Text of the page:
The provincial government of South Cotabato is holding its ground on its decision not to allow open pit mining in any part in the province, putting again on hold the future of Sagittarius Mines Inc (SMI).
SMI owns the Tampakan Copper and Gold Project located in the mountainous area of Tampakan in South Cotabato.
In a resolution passed on July 21, the provincial board “reaffirmed the validity of Section 22 (B) of the Environment Code that prohibited the use of the open-pit mining method in mining activities” anywhere in South Cotabato.
The Provincial Environment Code was passed in 2010, which was signed by then outgoing Gov. Daisy Avance Fuentes.
Fuentes, who regained her post as provincial governor in 2013, said she “fully supports the provincial board’s stand on the open-pit mining ban.”
Provincial Board Member Ellen Grace Subere-Albios however said they have not totally banned mining in the province but only regulated it “through methods that would not gravely endanger and adversely impact the environment.”
The Tampakan project covers over 9,000 hectares of vegetated mountain range that straddles the towns of Columbio in Sultan Kudarat, Kiblawan in Davao del Sur and Tampakan in South Cotabato.
The local legislative body claimed SMI operations could cause massive deforestation, loss of biodiversity, degradation of lands and the depletion of the water resources of surrounding communities.
SMI however has repeatedly assured critics that it is taking its environmental responsibilities very seriously.
“We understand that mine waste and water management are important issues for our stakeholders and they form an important part of our design, operation and rehabilitation plans for the Project,” SMI said in its website.
According to SMI studies indicate royalty payments and direct contributions in excess of PhP39.8 billion ($1.2B) would be made to local communities and indigenous groups over the Project’s life in addition to the excise and other taxes it will pay to the national government.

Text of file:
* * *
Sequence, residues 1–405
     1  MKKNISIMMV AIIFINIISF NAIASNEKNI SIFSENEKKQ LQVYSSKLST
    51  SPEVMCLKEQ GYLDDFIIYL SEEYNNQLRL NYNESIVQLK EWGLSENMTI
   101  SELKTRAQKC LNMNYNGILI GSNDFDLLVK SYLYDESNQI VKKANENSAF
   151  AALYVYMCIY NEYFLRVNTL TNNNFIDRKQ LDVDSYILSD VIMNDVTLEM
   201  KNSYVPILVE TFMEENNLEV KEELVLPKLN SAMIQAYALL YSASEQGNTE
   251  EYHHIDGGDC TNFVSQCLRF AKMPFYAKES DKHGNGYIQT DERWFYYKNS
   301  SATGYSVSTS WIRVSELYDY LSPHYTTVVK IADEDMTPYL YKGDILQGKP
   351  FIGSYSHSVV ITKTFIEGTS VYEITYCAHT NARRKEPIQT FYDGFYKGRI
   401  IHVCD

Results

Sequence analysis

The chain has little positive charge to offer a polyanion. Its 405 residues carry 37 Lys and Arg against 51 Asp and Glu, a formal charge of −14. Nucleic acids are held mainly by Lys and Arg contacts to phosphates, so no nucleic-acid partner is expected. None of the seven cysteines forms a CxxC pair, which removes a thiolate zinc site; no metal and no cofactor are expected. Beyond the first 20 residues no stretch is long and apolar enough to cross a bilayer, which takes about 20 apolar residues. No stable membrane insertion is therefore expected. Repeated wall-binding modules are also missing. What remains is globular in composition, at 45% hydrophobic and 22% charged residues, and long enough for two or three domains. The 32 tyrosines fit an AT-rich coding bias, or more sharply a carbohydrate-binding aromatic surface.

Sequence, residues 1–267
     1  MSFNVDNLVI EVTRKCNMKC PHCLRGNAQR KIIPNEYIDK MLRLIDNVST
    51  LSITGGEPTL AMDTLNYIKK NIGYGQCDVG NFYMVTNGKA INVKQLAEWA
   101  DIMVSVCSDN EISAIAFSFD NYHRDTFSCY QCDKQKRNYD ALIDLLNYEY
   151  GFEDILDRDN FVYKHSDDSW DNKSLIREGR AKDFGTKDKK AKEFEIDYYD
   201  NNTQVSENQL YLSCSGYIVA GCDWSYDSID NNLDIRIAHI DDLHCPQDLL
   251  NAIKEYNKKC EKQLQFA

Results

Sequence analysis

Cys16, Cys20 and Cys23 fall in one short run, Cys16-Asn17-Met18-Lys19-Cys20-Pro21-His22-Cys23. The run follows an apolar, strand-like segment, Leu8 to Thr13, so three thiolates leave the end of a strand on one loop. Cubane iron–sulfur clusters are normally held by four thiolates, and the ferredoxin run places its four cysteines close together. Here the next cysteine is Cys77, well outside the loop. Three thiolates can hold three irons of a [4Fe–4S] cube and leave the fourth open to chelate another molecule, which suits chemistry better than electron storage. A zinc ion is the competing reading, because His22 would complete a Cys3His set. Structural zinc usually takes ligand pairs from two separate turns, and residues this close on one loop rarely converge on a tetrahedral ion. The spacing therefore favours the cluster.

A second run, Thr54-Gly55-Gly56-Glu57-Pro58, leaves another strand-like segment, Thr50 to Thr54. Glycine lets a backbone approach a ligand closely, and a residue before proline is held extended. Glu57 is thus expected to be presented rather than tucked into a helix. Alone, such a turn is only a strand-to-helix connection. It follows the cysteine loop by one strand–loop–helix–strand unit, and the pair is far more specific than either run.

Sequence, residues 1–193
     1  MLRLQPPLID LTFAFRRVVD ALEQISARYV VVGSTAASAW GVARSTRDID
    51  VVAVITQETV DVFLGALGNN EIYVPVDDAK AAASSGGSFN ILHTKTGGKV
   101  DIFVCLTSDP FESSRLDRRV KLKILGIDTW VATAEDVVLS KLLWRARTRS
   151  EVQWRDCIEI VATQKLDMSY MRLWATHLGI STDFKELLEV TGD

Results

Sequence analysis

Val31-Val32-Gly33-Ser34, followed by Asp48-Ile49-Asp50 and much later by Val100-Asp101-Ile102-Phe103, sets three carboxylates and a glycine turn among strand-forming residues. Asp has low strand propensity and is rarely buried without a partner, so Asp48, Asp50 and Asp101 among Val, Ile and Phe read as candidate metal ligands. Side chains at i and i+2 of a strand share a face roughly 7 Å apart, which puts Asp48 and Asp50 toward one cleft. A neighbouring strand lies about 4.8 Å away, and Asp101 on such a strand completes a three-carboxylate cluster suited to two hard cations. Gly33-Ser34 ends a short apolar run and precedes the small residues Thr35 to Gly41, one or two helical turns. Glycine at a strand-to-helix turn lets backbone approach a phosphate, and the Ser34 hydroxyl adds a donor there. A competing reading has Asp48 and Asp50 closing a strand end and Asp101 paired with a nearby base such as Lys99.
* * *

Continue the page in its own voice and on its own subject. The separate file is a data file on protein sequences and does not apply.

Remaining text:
The US$5.6B Tampakan project is reputed to contain Asia’s largest untapped copper deposits with estimated 2.94 billion tons at a grade of 0.51% copper and 0.19 grams per tonne gold, using a cut-off grade of 0.2%.
“This represents 15.0 million tonnes of copper and 17.6 million ounces of gold,” according to SMI.
SMI recently underwent several corporate turnovers with the Alcantara-led Filipino investment company Alson’s Prime Investment Corporation acquiring the 62.5 percent stake of world commodities giant Glencore International in SMI only last June.
Sources however said the Alsons takeover will not be completed until next month.
In January this year, Alsons also secured the 37.5 percent minority stake of Indophil Resources NL in SMI at a cost of US$296 million that was paid in cash.
Before the provincial government passed the environmental ordinance in 2013 banning open pit mining, SMI announced it was going to start commercial operations in 2018.
But Glencore, which gained control over SMI after booting out Xstrata Plc from the project in 2013 as part of its US$75 billion hostile takeover of the world’s 4th largest copper producer, decided to scale down SMI operations after failing to secure the nod of the provincial government.
Glencore likewise said it was hesitant to further finance ‘greenfield’ projects.
At the time Glencore took over SMI, the project has not gone beyond completion of its feasibility studies and exploration activities.